You can use a heatmap renderer for your point layers (in the symbology, change from Single Symbol to Heatmap) to see how/if the patterns overlap. That's probably the easiest and fastest way to get a first impression about spatial distribution.
You could also create a Heatmap as raster layer with
Menu Processing / Toolbox / Heatmap (Kernel density estimation). You could than even extract contour lines (see screenshot to see how to do that - even though my menus are in german, it should become clear where to find it):
You can do this twice, for each of your points (rabbits and coyotes) - than you have two rasters and two contour line layer:
You can than compare the two contour layers:
Instead of contour lines, you can also create contour polygons:
Menu processing / Toolbox / Contour Polygons and set a graduated color to the polygons:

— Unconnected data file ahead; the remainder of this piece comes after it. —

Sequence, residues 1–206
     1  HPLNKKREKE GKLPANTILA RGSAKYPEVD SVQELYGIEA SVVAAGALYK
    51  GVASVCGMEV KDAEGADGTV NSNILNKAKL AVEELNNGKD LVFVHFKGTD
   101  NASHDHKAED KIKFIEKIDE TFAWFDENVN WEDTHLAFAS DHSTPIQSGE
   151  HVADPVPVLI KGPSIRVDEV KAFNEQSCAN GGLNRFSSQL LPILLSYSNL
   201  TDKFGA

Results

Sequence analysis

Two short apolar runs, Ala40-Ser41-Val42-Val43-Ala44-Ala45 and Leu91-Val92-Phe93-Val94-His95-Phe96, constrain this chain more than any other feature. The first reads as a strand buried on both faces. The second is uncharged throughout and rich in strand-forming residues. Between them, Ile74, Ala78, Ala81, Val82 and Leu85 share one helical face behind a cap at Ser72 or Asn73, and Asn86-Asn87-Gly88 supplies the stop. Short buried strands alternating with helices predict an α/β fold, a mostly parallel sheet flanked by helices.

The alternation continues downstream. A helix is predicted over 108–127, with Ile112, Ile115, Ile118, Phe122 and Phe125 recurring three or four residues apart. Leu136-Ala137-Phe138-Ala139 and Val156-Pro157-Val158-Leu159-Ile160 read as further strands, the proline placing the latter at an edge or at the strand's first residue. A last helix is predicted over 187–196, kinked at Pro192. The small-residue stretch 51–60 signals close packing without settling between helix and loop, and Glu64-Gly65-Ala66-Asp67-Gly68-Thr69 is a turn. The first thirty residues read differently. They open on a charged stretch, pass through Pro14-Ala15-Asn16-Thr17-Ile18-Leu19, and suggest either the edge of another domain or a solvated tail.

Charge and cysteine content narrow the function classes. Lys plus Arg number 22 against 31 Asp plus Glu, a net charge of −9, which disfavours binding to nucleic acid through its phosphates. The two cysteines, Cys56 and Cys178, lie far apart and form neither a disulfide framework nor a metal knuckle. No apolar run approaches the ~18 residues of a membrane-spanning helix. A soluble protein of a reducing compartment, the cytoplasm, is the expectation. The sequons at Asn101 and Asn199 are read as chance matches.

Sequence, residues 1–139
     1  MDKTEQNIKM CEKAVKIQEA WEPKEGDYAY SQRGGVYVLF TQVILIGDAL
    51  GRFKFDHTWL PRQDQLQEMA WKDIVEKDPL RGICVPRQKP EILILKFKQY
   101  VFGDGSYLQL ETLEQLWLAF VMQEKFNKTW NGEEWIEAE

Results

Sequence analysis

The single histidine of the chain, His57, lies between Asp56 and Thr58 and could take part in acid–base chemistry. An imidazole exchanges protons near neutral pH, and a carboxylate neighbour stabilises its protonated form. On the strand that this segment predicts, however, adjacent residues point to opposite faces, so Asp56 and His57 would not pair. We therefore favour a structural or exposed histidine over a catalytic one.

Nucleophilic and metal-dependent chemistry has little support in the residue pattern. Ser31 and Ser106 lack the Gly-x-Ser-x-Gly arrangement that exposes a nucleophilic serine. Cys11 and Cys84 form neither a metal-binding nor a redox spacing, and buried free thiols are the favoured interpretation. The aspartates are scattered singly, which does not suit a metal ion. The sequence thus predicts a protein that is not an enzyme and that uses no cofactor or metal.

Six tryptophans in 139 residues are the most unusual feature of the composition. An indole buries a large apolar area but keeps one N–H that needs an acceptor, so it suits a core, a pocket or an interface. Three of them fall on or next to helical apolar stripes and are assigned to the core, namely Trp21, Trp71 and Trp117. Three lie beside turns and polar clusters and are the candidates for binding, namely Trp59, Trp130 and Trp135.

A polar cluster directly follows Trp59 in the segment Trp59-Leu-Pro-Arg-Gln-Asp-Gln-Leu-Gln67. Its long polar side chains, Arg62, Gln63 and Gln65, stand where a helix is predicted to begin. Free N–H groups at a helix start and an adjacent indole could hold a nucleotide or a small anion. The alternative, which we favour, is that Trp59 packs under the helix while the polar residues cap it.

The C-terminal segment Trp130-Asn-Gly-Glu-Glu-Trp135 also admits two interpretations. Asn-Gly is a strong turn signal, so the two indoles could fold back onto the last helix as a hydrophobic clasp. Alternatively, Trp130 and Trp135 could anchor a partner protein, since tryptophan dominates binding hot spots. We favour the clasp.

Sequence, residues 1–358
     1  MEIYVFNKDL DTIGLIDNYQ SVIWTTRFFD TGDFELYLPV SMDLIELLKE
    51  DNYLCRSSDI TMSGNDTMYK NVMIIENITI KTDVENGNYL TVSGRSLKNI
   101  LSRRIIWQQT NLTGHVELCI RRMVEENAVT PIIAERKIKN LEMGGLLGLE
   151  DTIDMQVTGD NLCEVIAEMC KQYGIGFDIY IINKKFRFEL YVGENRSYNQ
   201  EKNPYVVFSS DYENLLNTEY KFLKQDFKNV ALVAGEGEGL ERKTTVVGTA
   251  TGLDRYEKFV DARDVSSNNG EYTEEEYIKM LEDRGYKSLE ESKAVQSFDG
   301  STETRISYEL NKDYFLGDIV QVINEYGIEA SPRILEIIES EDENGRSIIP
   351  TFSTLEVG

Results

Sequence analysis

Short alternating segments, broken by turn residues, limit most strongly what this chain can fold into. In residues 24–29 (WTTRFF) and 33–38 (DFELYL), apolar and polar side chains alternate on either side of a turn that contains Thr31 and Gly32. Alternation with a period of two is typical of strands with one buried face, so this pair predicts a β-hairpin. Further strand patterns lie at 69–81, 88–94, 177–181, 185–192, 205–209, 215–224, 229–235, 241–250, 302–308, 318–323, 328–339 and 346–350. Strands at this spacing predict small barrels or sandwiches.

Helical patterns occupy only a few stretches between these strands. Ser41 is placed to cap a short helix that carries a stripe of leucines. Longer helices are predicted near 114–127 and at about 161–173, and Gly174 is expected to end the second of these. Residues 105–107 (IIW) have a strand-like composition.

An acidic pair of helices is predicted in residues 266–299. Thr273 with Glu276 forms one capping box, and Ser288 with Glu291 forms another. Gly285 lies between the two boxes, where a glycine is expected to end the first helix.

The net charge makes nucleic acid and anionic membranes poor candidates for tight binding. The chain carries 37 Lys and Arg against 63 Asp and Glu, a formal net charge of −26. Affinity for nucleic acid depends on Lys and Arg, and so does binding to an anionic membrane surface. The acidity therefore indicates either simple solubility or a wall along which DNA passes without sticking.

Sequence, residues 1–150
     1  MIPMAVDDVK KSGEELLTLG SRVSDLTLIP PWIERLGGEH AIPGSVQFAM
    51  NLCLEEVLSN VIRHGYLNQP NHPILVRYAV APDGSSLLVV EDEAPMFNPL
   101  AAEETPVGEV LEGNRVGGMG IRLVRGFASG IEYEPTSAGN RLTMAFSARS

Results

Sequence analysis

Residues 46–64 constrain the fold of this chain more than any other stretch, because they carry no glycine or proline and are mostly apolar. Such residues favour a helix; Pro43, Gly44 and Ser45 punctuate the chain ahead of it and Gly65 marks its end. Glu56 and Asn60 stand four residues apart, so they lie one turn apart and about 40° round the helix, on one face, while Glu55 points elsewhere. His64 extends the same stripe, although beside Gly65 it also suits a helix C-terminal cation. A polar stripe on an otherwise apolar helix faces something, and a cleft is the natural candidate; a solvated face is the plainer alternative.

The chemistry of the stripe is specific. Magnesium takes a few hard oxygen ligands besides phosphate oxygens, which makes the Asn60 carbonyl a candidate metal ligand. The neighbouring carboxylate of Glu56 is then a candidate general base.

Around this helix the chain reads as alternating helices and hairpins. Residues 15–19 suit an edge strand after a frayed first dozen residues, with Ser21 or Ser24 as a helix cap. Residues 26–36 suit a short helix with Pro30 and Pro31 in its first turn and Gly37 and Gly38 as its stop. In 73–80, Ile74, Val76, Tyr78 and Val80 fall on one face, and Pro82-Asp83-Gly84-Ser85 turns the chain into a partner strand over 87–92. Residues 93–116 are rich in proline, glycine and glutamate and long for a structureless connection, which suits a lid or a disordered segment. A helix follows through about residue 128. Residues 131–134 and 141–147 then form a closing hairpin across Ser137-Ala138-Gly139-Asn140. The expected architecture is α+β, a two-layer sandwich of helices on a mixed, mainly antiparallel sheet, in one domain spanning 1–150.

Or you can use the raster calculator to add the coyote-raster to the rabbit-raster to get areas where both of them are often found:
That's how the raster calculator looks like - just add the two rasters as shown in this screenshot and define an output path where the new raster should be saved:
A different approach (for visualization only) is to render your points as Point Cluster symbology and set the symbol size to data driven override with the variable
@cluster_size as seen on the screenshot:
These workflows are first steps to get an idea about your data. As mentioned in several comments, reflection about the goal of your work and the explanatory power of your hypothesis are crucial and should be answered before proceding data. Get a conceptual understanding of what you want to do and only than define your workflow.
Hopefully the steps presented here can help on the way to get there and to get a better idea about spatial distribution and possible correlations. However, proceding data in different ways is just a matter of technical skills: there are a lot of tools you could use for your data. But that alone will not help you much. To get meaningful results, you should first have a conceptual understanding before you use any software.